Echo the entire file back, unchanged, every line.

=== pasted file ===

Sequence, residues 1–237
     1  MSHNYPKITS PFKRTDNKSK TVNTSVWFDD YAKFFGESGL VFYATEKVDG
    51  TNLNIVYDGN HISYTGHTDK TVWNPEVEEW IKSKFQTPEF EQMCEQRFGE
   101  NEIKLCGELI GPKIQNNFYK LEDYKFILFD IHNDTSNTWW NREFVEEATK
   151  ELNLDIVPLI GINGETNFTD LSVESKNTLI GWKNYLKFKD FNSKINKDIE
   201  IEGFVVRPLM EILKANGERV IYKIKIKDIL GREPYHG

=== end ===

Sequence, residues 1–237
     1  MSHNYPKITS PFKRTDNKSK TVNTSVWFDD YAKFFGESGL VFYATEKVDG
    51  TNLNIVYDGN HISYTGHTDK TVWNPEVEEW IKSKFQTPEF EQMCEQRFGE
   101  NEIKLCGELI GPKIQNNFYK LEDYKFILFD IHNDTSNTWW NREFVEEATK
   151  ELNLDIVPLI GINGETNFTD LSVESKNTLI GWKNYLKFKD FNSKINKDIE
   201  IEGFVVRPLM EILKANGERV IYKIKIKDIL GREPYHG